OFD call volume dropped significantly in 2023 after altering response strategy

February 21, 2024 | 12:11 am

Updated February 20, 2024 | 11:59 pm

File photo by Josh Kelly

The Owensboro Fire Department responded to almost 2,600 fewer calls in 2023 than the year prior — a result of altering their response strategy to combat firefighter fatigue. Namely, OFD was largely able to cut out non-emergency calls.

OFD Chief James Howard said the department received 5,712 calls for service in 2023. That’s down from 8,300 in 2022 and 9,600 in 2021.

“That doesn’t mean that there were any severe incidents that required attention that we didn’t go to this past year,” he said. “It’s the fact that we were able to hone our call-taking abilities to make sure that we’re going on to true emergencies whenever we’re working.”

OFD changed their response criteria in 2022 to raise morale and lower fatigue. At that time, Howard said there had been a 24% increase in calls over the past 5 years, with rescue and emergency medical services calls being the major contributor. However, there was often not an actual emergency in many of those cases.

“Group after group within the fire department noted the rising call volume and especially the emphasis on EMS calls that turned out not to be emergency runs once they got to the scene. It started causing issues and has been causing issues within our department for some time,” Howard said in 2022.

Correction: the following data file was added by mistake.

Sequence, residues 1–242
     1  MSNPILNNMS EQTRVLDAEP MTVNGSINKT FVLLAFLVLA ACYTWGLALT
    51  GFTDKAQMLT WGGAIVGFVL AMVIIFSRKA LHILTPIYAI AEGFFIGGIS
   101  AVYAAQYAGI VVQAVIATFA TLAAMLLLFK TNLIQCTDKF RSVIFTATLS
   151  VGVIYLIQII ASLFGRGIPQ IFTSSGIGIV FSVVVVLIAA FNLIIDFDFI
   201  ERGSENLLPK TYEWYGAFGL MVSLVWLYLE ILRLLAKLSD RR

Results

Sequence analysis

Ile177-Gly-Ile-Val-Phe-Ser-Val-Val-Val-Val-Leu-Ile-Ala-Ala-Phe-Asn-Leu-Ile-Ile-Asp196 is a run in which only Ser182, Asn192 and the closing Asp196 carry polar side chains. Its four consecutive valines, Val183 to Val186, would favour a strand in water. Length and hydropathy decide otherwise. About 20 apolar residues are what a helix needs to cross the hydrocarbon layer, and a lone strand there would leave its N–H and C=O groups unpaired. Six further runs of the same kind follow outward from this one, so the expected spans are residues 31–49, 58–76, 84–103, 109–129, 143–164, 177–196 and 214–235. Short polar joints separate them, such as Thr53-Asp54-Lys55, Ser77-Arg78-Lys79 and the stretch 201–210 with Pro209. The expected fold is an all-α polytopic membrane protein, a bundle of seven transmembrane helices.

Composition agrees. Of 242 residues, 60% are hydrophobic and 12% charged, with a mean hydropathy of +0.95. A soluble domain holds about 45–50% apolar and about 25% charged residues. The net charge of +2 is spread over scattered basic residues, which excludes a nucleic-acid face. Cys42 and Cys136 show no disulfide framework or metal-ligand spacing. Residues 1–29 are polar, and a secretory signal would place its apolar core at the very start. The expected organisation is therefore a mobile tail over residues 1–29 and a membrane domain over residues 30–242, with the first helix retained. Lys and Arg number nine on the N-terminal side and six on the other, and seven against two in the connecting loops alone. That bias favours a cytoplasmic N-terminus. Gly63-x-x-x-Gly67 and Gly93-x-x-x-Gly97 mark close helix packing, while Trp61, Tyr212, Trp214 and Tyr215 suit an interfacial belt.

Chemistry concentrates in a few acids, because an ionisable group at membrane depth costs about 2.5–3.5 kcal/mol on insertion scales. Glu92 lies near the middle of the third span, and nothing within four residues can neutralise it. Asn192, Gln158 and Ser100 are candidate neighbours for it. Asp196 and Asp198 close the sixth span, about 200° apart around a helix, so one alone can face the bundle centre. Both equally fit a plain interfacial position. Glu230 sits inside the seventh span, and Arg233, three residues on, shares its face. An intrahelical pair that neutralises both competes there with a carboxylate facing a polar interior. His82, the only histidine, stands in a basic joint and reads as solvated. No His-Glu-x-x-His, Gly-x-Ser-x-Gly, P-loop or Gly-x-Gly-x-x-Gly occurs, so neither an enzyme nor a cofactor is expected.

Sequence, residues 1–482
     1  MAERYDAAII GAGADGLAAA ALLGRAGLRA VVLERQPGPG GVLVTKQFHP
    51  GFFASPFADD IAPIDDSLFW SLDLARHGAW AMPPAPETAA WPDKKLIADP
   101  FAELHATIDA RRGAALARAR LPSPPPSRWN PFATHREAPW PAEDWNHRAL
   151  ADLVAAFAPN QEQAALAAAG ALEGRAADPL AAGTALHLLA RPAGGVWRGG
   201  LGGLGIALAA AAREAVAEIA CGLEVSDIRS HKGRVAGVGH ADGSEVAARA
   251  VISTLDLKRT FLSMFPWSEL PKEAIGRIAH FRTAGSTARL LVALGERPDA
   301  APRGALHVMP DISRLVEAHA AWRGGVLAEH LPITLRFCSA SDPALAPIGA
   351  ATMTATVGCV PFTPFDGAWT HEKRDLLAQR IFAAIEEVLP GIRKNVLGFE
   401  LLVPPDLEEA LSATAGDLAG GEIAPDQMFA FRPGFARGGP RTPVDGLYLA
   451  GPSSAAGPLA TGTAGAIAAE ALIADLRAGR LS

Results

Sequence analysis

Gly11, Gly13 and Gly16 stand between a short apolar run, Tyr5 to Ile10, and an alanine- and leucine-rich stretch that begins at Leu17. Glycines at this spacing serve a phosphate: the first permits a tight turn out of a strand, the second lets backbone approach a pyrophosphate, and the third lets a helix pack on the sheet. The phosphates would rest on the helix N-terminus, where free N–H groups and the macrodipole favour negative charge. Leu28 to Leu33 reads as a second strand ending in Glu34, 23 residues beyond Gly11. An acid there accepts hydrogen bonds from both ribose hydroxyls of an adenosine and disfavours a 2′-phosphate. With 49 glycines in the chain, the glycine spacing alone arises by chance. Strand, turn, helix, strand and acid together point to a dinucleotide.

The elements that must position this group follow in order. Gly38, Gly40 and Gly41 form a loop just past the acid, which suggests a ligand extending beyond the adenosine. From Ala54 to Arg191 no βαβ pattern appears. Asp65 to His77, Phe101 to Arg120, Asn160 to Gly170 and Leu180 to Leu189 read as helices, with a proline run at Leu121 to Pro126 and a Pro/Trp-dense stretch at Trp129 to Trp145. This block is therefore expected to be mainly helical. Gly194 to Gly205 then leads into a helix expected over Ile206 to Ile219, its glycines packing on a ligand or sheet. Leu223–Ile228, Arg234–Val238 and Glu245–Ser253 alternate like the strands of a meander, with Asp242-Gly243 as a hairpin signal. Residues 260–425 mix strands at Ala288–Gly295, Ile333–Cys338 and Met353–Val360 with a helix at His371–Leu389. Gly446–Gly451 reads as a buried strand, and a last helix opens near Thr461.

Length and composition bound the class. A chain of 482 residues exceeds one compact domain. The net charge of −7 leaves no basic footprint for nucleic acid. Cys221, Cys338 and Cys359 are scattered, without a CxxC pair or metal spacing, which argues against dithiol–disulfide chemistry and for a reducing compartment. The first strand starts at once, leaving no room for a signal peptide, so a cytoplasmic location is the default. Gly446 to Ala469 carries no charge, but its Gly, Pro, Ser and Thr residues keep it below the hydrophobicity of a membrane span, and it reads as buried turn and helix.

The constant run for non-emergencies on top of an already high workload that includes recruitment and maintenance was taking a toll on the department internally, Howard said.

So, OFD began directly responding to only accidents with injuries, cardiac arrests, drownings, jumpers, shootings and stabbings, and suicide attempts with bleeding. For other non-emergency calls, dispatch relayed information to AMR ambulance, which in turn would only call for additional help from OFD as needed.

Following the change, Howard said, OFD’s monthly call volume was nearly cut in half.

He emphasized that OFD is still responding throughout the community to a number of scenarios.

Howard reported the following response numbers for 2023:

  • 372 fires
    • 31 structure fires
    • 26 cooking fires
    • 32 vehicle fires
  • 3,811 EMS/rescues
    • 305 respiratory
    • 129 traumatic injury
    • 615 cardiac

Going into 2024, Howard said he has several goals for the department, including better preparing firefighters to fight electric vehicle fires, completing the construction of the fire training center, and achieving Commission on Fire Accreditation International accreditation.

One of the more unique goals this year is utilizing Owensboro’s Sister City Olomouc, Czech Republic, to provide some training.

“There’s gonna be more news on that soon. There are very exciting opportunities there with cultural exchange and educational exchange,” Howard said.

The trip is scheduled to take place in the coming months.

February 21, 2024 | 12:11 am

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